He was fired today

Discussion in 'Parent Emeritus' started by in a daze, Apr 7, 2014.

  1. in a daze

    in a daze Well-Known Member

    He was late x 2. Cellphone alarm did not go off Saturday. Instead of setting another alarm, he set the cellphone alarm AGAIN last night. He's the type that needs to learn the hard way.

    Manager claims he was not at pep rally (new store, opens tomorrow.) difficult child says he was absolutely at pep rally. Claimed family emergency made him late today because he didn't want to say malfunctioning alarm twice in a row. Didn't have proper number to notify them he was running late.

    He was very upset, practically in tears.

    He called manager back and asked him to reconsider. Manager told him to call him tomorrow morning.

    I'm trying to detach, but I am having a very, very hard time doing so. This is just the thing I was talking to TryAgain in the other thread...my mood depends on HIS emotional state.

    I knew that him being fired was a definite possibility, but so soon? This has hit me like a ton of bricks.

    And since he is now probably jobless again, of course the same old story will come up...did you apply for any jobs today, Mike? No, I have no motivation, I can't sit still, I can't focus, blah, blah, blah...

    I am so very sick of it all. But of course that's why I'm here.
     
  2. Estherfromjerusalem

    Estherfromjerusalem Well-Known Member

    I am so sorry to read that, in a daze, and I truly sympathize. Because my difficult child is in Australia, and he also is about to lose his job because of being late for work. And I know that he has really tried. He has been going to bed so early in the evening. When I was there I was quite disoriented because most evenings I was on my own and he was already in bed. And even so -- he got up late several times. If he had been living here at home (in Israel) I would have woken him, but I certainly can't do that all the way to Australia. So now he is beginning to have financial problems while he looks for another job -- and so it goes, on and on and on . . .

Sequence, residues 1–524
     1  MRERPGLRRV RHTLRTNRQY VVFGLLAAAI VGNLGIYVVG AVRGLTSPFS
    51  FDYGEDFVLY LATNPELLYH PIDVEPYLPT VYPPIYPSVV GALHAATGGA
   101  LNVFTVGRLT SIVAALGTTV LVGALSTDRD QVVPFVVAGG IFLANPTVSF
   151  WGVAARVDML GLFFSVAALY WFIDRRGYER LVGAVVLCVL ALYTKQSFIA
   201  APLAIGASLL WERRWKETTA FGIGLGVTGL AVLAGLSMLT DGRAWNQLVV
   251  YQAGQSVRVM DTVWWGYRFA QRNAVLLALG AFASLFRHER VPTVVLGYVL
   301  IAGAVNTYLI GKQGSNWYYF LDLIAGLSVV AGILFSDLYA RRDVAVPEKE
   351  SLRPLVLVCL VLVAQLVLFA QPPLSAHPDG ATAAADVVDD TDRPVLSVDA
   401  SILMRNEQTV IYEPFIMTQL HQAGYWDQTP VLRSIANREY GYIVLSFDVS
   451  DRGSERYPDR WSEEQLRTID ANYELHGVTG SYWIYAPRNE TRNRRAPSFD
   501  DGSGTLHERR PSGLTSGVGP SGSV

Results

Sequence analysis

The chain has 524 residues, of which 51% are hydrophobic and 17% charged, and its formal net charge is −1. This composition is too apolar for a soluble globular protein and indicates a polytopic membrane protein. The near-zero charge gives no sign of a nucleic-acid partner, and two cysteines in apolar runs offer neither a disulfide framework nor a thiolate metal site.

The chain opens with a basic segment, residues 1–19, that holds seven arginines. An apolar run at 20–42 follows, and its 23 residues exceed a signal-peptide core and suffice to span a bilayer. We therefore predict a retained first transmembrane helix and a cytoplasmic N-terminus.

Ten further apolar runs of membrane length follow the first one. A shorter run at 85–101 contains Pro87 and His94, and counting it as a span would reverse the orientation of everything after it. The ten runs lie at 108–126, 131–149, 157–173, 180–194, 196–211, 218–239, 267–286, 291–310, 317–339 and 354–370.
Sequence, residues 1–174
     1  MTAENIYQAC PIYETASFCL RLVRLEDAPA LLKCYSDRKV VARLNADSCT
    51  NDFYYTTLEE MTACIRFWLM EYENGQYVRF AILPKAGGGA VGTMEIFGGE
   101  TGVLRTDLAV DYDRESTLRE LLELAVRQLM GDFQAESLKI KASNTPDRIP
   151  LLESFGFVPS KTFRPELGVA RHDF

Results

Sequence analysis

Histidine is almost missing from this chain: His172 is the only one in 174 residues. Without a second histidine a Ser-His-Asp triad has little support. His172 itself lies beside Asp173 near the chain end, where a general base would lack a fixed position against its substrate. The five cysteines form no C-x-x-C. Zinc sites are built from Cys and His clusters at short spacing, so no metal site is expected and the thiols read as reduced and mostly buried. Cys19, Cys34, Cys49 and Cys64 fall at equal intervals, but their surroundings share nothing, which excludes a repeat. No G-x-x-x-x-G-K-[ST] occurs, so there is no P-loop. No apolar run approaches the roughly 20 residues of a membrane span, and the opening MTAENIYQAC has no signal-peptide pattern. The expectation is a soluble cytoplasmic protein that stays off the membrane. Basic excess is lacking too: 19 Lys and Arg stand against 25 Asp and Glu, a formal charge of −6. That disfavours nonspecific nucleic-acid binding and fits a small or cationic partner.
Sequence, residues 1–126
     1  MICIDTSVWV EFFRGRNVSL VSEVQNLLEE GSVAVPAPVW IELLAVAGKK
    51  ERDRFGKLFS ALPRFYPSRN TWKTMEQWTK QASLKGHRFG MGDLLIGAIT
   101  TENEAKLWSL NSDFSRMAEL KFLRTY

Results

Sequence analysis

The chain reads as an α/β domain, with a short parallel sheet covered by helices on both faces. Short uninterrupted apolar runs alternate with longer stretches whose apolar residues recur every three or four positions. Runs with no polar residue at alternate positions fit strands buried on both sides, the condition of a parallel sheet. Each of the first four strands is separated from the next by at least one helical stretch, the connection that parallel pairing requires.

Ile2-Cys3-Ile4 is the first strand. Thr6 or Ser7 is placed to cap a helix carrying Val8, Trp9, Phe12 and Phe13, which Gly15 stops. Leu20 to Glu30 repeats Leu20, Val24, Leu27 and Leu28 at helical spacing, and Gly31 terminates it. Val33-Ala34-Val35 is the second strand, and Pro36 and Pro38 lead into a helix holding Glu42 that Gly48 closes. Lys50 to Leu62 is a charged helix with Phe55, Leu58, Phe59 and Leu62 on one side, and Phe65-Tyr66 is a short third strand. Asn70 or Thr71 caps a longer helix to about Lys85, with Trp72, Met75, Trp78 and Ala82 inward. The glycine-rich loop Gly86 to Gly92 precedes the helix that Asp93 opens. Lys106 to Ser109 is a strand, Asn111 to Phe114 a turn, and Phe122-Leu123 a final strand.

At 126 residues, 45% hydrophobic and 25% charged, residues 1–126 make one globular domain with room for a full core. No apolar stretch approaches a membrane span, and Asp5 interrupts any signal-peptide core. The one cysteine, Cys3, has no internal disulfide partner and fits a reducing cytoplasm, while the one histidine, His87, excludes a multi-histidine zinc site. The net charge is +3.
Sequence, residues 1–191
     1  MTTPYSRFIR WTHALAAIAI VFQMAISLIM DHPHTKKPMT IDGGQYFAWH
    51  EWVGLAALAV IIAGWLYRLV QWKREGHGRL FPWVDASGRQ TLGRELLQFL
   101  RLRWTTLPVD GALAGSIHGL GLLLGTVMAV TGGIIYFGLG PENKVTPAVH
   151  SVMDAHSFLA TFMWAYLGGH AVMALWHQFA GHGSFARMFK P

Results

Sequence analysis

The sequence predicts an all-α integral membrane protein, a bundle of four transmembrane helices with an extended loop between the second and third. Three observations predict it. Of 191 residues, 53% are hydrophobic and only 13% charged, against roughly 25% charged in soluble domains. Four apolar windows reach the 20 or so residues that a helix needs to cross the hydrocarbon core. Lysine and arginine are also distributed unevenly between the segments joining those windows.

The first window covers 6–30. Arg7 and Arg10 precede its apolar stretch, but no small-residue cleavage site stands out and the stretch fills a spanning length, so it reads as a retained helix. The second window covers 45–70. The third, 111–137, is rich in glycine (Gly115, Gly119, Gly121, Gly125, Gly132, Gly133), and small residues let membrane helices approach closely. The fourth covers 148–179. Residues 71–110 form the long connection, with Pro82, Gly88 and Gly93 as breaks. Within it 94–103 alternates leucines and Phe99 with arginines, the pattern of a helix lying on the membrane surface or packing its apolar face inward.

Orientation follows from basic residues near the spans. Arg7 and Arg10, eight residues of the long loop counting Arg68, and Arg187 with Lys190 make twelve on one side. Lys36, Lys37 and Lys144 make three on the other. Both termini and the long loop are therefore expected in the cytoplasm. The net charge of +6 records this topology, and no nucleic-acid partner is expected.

I hope your difficult child's boss reconsiders and gives him another chance.

    Love, Esther
     
  3. pasajes4

    pasajes4 Well-Known Member

    Sorry to hear about his latest upheaval. I too am working on my moods not depending on his. One day at a time.
     
  4. Albatross

    Albatross Well-Known Member

    Oh I'm sorry to hear that Daze. It sounded like he was really trying, with the pictures of the different meats, etc. Then the fundamentals were what got him! Maybe he can convey that to the manager and will get another chance.

    I don't know how we detach at times like this; it's so hard to just take that step back and let them learn to solve problems in their own way when the answers seem so apparent to us. I hope you find a calm place for your spirit today.
     
  5. Kathy813

    Kathy813 Well-Known Member Staff Member

    I'm sorry, daze. I know how it feels to be hopeful and then have the hopes dashed. I am impressed that your difficult child called and asked for a second chance. I hope he gets one.

    ~Kathy
     
  6. in a daze

    in a daze Well-Known Member

    Thanks, Esther. yes, it goes on and on.

    Thanks, everyone. He was tryng, but like Albatross said, the fundamentals got to him.
     
  7. tryagain

    tryagain Active Member

    I felt ill when I saw the title of this thread, Dazed. I sooo hope that the boss reconsiders. Praying right now for this all to work out to your son's benefit. If somehow the boss won't budge, I just have to think that it's because there's another job out there for him that's an even BETTER fit.

    As to your mood being influenced by how things go for him-it's because you are human. And a mom. Detached or not, we still have feelings. We're not robots. We just have to call upon our best judgment and instincts when these difficult children wear us down. I definitely believe in support and being on their side -without enabling them. I think you're doing a great job of that, Dazed.
    I'll be checking tomorrow to see what happens. Hope you can get some rest knowing you've done all you could do.